A Genius or a Nut Case? Diamond 14and he went racing off the idea of all the Seibel answers in the entire world. Well, my perspective of what his purpose of the book was to bore us to death. His perspective of the world shows of nothing but facts, facts, facts!
The earliest humanoid species, such as Homo habilis and then Homo erectus, emerged about seven million years ago in Africa. One million years ago, Homo erectus began to migrate, out of Africa and around the world—to Europe, Australia, Asia, etc.
It is usually argued that humans—that is, Homo sapiens—first emerged from the evolutionary tree half a million years ago, having evolved independently from Homo erectus around the world. Nevertheless, scientists and anthropologists generally agree that Homo sapiens are distinguished from some of their ancestors by their larger skulls and their ability to make fire.
First, notice that there is no precise way to measure when Homo sapiens first emerged from the evolutionary tree—as is often the case in the book, scientists have to approximate and make educated guesses.
Second, notice that Homo sapiens, the species to which modern human beings belong, are distinguished by their ability to make fire—in a sense, their ability to interact with their environments and make use of available resources.
They could have arisen simultaneously in many different parts of the world, or spread from one part to other parts. But in either case, the Great Leap was crucial to human history.
Echoing the themes of the previous passage, human history is presented as a record of how human beings have shaped their environments and used certain resources to make useful tools. In New Guinea, there is archaeological evidence that humans exterminated many animals soon after arriving.
Other scientists argue that many species in New Guinea went extinct because of unrelated changes in the environment, such as drought. Nevertheless, the possibility that early human beings wiped out entire animal populations arguably anticipates the way that later societies wiped out populations in the regions they colonized, suggesting that aggression is a fundamental part of human nature.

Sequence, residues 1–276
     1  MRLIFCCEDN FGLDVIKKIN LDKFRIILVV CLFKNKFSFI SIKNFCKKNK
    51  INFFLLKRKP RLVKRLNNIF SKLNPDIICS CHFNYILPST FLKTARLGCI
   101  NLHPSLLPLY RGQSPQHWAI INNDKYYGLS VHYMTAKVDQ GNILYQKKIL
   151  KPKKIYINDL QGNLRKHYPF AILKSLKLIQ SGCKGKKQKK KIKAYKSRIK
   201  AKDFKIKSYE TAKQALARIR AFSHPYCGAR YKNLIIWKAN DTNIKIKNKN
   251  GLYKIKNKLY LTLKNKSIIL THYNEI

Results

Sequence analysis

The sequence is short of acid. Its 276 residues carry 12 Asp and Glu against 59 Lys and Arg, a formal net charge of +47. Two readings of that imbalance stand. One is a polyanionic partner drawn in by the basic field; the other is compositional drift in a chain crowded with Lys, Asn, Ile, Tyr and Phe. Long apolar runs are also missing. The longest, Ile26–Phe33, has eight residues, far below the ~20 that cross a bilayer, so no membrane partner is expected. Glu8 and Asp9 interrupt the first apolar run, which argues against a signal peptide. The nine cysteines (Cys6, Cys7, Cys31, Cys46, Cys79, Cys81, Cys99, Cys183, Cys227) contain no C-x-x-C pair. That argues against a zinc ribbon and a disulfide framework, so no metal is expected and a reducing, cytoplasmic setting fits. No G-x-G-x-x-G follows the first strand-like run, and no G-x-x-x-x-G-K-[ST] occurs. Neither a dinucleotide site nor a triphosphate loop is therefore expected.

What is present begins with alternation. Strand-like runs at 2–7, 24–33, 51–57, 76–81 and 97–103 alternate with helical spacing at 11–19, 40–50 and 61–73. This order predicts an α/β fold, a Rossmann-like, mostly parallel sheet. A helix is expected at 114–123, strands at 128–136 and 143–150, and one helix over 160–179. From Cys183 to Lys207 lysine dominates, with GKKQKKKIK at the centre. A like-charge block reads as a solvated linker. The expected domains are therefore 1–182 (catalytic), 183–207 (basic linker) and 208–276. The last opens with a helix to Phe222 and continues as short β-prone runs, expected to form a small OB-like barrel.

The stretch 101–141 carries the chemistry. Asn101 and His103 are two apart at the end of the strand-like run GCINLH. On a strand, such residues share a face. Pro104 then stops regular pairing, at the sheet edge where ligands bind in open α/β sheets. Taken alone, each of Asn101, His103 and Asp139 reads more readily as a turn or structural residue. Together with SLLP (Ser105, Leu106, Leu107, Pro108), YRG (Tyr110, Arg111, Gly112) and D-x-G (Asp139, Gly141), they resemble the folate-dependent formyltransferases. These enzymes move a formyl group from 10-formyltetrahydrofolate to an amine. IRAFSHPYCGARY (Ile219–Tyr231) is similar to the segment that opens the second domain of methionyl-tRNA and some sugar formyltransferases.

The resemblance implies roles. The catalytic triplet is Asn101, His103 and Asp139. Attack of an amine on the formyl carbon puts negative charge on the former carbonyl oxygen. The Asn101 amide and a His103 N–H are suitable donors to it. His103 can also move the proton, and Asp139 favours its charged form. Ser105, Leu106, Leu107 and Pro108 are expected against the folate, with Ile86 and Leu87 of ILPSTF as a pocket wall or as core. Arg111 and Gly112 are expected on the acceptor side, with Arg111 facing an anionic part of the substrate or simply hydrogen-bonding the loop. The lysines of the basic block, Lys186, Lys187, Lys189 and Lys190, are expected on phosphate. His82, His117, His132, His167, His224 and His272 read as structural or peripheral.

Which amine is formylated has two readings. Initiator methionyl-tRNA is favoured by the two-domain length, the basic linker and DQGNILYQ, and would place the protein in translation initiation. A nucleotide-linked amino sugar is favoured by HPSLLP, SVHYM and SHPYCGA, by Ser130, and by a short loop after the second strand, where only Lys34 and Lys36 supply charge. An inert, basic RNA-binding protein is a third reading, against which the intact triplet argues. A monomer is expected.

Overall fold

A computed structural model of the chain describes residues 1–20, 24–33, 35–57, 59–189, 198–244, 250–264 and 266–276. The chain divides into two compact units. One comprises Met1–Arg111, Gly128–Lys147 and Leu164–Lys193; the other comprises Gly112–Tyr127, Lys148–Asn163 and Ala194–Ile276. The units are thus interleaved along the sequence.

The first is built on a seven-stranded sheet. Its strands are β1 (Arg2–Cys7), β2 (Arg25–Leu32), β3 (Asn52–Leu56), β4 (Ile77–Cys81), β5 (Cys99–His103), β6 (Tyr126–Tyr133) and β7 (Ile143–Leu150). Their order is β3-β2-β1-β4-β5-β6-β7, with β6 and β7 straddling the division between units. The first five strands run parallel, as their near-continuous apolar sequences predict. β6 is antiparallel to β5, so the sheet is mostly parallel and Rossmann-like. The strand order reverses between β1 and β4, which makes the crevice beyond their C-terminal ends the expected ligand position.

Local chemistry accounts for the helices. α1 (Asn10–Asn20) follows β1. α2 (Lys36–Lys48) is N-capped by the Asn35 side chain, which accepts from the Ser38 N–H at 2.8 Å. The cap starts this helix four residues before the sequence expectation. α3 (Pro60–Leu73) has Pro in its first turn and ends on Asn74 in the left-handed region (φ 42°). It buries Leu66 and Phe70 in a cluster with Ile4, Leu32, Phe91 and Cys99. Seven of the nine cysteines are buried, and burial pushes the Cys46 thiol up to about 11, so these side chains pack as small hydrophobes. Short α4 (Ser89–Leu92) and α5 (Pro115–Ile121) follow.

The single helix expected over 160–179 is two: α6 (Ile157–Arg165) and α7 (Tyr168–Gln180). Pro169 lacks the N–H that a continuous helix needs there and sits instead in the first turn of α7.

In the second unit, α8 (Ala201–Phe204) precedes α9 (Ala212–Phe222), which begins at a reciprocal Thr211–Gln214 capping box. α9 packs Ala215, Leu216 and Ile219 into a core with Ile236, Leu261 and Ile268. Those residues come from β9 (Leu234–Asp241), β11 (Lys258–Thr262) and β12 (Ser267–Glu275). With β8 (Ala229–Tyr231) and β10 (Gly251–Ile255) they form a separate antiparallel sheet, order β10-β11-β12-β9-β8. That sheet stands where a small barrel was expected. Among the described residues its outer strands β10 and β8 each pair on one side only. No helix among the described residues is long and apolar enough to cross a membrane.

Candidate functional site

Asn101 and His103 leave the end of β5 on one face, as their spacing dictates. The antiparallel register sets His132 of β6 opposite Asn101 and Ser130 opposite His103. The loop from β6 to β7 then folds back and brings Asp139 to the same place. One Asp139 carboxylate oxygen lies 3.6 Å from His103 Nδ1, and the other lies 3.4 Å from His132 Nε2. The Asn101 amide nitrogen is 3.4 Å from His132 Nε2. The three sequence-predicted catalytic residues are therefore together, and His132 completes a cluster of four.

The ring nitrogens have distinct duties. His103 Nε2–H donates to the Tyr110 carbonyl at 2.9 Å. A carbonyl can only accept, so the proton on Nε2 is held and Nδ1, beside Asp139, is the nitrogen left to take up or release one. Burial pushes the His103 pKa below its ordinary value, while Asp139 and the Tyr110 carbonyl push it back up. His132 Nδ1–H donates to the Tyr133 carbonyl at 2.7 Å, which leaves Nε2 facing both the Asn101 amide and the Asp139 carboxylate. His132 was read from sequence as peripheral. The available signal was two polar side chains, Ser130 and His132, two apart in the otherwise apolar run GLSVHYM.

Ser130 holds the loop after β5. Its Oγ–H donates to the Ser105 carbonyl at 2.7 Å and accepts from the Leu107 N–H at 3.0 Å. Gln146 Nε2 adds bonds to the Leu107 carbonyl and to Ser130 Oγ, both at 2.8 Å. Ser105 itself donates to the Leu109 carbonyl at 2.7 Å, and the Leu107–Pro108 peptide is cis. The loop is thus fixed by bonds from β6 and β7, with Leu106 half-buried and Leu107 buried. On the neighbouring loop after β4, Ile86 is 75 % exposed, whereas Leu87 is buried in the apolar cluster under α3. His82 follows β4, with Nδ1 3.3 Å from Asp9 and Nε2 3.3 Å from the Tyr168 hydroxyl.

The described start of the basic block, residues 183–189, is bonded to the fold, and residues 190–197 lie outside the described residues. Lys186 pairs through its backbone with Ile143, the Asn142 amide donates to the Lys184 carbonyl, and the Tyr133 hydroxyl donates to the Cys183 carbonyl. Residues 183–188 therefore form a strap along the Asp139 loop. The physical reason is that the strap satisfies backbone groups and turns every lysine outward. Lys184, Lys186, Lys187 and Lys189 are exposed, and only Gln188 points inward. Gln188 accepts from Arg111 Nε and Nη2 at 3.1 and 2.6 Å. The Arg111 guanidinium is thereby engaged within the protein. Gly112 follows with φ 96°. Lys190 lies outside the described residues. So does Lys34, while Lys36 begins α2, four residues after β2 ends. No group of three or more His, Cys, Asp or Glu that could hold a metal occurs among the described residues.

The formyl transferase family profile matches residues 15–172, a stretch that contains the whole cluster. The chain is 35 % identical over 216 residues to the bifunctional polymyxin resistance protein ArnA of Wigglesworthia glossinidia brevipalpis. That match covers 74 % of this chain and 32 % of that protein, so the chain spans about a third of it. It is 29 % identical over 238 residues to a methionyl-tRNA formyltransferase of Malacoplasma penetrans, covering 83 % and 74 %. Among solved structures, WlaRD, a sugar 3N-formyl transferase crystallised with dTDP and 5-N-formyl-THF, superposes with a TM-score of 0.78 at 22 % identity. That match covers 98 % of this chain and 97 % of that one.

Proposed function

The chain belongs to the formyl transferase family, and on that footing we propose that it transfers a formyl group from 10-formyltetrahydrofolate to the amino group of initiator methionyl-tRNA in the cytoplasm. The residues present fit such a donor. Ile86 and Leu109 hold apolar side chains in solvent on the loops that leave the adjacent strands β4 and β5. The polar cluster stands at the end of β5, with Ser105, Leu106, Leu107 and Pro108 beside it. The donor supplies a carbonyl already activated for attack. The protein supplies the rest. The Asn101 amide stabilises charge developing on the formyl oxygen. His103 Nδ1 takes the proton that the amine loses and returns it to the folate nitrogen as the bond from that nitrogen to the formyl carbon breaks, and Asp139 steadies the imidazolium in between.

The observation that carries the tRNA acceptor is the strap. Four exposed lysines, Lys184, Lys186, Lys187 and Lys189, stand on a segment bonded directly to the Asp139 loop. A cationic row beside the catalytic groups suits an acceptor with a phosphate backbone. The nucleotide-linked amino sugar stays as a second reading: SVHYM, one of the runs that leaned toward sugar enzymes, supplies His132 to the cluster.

Active Themes By 40, B. Hunter-gatherer cultures entered the Americas through Asia, probably across the Bering land bridge, and quickly migrated south to Patagonia.
There is a lot of disagreement over which peoples were the first to come through America. Some scientists think that a people called the Clovis came through America about 15, years ago and exterminated many of the large animals in the region much like what may have happened in New Guinea.
Evidence of Clovis settlements have been found in the western United States, and farther south, but there is also evidence of earlier settlements from other peoples.
Also, notice that the Clovis may have wiped out most of the large mammals in the Americas—echoing the possible exterminations of large animals in New Guinea.
The possibility that the earliest humans around the world massacred animals and other humans suggests that humans have always drastically altered their environments, often in destructive ways. Humans settled many different parts of the world after the Great Leap.
This all leads to the question: And even today, there is more genetic diversity in Africa than anywhere else on the planet, reflecting the large numbers of protohumans in Africa millions of years ago. And yet, 11, years ago, one could have made different, fairly convincing arguments that each colonized continent was going to become the dominant one.